• Leslie Hudson

When lobsters catch a thief they don't let go

Magical animal companions. 5/30

The magical lobster in this little Irish folktale is unique, as far as I know. I have read of crabs with lit candles affixed to their backs who crawl about the floor at night, convincing onlookers from far off that houses may indeed be haunted or devilishly occupied. But I have never encountered a rescue lobster, nor have I met one who stands guard.

I absolutely adore the concept of a rescued guard lobster. What thief would expect one? What kind of mind would choose to employ one? Such wonderful, natural, devious practicality, just what I'd expect from the Cailleach.

There is a story that was collected in 1933 from school children in Dún Chaoin (Dunquin), (near Dingle on the west coast of Ireland) that concerns the Cailleach Bhéara. There are dozens upon dozens of tales about cailleachs in Irish and Scottish folklore and mythology. Stone monuments dating back to the megalithic era all over Ireland, not to mention mountains, bear her name. She is commonly associated with stone, the building of things with stone (like mountains), and shaping the landscape.

This incarnation of the Cailleach lives near the sea and gets her sustenance from it, so it makes sense she would ally herself with a lobster. Her animal companion (not familiar) is happy to oblige by standing guard over her treasure in return for the saving of his life,

As this tale is so short, I'll quote it in its entirety. It is one of my absolute favourite folktales of all time, in part because the subject is so dear to my heart, in part because it was collected from children so it has a directness and morbid humour I adore.

Cailleach Bhéara

"There is much telling of this cailleach from Béarra in the folklore of the older people on the Gealtacht. It is said that she lived on the summit of Cnoc an tSídhe. By all accounts that's where she had her cabin even though you would think she would be blown away from there, out to Carraig na hIngeanach, in Inbhear Scéine, with the wind and the bad weather.

What she had to eat was:

Real, pure madhbhán from Whiddy

Duileasg from the harbours of Cape Clear.

Fish from above in the Laune

And wild garlic from Bealach Bhéimis.

It's little wonder she lived so long, if the stories that are told of her are true.

She had the reputation of great wealth also and people were anxious to steal it from her, since there were people that time who wouldn't be long doing just that. She understood that herself as much as anyone and what did she do, this day, but go down to Scéic in Cuan Leitid and steal a lobster out of a pot that was there. She brought it home alive in her apron and she put it into the box where her money was.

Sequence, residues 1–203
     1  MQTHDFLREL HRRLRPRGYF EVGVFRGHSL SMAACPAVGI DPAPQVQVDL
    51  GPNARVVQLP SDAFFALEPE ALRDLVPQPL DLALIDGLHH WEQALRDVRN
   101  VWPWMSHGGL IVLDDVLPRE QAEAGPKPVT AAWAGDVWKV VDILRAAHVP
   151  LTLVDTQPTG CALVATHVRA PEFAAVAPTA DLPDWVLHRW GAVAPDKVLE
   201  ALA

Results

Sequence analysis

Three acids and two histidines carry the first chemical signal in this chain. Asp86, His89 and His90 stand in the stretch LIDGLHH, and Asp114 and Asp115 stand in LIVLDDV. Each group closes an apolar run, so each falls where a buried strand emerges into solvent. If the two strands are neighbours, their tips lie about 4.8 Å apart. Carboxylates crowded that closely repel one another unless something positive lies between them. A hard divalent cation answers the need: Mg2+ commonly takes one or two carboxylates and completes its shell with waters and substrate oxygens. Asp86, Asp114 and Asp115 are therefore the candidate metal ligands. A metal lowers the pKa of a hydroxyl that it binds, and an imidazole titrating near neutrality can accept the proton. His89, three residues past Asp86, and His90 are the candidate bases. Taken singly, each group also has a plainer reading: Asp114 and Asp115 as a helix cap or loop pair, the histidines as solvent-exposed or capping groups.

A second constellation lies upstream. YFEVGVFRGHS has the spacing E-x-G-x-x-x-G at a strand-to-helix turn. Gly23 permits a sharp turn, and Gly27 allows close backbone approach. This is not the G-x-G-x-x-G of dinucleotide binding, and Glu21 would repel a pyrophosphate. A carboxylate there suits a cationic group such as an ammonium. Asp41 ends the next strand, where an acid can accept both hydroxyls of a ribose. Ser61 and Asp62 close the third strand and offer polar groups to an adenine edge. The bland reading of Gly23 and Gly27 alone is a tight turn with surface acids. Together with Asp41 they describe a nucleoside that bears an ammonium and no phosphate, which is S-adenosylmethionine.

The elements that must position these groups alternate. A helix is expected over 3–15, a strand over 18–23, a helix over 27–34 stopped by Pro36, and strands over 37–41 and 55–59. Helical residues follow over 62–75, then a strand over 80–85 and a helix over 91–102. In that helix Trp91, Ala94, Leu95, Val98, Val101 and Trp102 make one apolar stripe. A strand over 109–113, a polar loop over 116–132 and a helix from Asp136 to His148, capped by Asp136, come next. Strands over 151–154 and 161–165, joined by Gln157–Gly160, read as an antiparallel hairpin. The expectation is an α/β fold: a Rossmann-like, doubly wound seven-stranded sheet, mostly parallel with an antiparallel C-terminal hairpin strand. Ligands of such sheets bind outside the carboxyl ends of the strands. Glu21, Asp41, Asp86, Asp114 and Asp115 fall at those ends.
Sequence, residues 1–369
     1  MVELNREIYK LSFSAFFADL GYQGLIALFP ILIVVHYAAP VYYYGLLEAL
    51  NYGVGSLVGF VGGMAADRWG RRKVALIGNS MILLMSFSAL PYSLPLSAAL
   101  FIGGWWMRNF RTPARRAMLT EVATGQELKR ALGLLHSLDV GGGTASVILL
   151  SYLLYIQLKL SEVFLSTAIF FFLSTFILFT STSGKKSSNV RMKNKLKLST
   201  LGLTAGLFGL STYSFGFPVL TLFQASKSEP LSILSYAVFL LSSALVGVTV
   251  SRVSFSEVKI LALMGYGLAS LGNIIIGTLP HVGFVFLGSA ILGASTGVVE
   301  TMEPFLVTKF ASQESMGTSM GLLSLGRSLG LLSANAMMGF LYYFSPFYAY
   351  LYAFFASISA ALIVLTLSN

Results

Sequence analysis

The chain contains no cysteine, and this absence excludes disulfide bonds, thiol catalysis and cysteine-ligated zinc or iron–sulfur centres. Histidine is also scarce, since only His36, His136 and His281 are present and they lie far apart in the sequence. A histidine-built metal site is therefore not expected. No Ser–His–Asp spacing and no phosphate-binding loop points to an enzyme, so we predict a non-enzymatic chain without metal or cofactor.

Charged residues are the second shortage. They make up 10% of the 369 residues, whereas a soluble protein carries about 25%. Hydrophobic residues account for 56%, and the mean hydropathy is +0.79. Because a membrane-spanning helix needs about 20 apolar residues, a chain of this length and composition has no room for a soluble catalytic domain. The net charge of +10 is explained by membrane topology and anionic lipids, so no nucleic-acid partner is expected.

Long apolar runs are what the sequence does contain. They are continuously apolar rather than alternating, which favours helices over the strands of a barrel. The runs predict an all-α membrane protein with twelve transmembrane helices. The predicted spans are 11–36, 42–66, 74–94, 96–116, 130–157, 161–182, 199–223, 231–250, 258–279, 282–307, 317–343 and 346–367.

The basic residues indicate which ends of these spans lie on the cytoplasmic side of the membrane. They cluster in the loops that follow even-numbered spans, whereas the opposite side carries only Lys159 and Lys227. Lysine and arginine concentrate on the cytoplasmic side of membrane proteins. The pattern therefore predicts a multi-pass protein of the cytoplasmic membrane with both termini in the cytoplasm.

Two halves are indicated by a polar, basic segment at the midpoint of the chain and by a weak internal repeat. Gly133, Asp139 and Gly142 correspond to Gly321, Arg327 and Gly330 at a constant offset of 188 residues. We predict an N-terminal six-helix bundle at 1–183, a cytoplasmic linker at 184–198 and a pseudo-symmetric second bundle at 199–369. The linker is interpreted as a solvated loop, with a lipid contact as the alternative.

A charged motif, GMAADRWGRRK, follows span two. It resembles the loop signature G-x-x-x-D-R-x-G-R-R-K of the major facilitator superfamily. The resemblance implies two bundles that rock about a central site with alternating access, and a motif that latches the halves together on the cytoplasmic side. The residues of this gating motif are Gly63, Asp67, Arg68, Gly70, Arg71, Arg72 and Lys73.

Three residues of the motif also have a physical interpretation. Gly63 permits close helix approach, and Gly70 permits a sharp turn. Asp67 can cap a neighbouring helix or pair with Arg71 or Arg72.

The following day, when she was away collecting food from the different places, a thief went up the hillside and stole in through the window of the cailleach's house. He wasn't able to locate the money, high or low, until he noticed the box in under the old bed. He dragged it out. It wasn't too big but there was great weight in it. 'It's full up with gold, of course', said the thief to himself. He noticed that there was a sizeable hole in the side of the box. 'Isn't it a pity, you filthy old cailleach', says he, 'that you didn't think to mend that hole -- but 'tis an ill wind that doesn't blow for someone's benefit.'

With that he thrust his hand into the hole and he started to grope around inside in the box looking for the gold. What did the lobster do but seize the hand in between his two claws and squeeze hard on it. No matter how the thief turned and twisted he couldn't break the grip or pull out his hand. When the sun was setting that evening the cailleach arrived home. 'You did well, lobster', said she and she killed the thief with an axe."

"Cailleach Bheara" from Gearóid Ó Crualaoich, The Book of the Cailleach: Stories of the Wise-Woman Healer (Cork: Cork University Press, 2003; 2004), pp. 111-12.

Old As The Stone

On my album, The Wanderlings Volume Two, there is a song inspired by this story called "Old As The Stone" -- for more on the inspiration behind the writing of it, and the lyrics in full, follow the link and take a listen on Bandcamp. The chorus describes the places she plays:

Oh, the wind it is a buffet

And it beats back the waves

Where she wanders and wonders and plays

As old as the stone

Of her limestone caves

No, it’s nary a wonder she stays

It’s nary a wonder she stays

On the way out to the Skelligs, Iveragh Peninsula, Ireland

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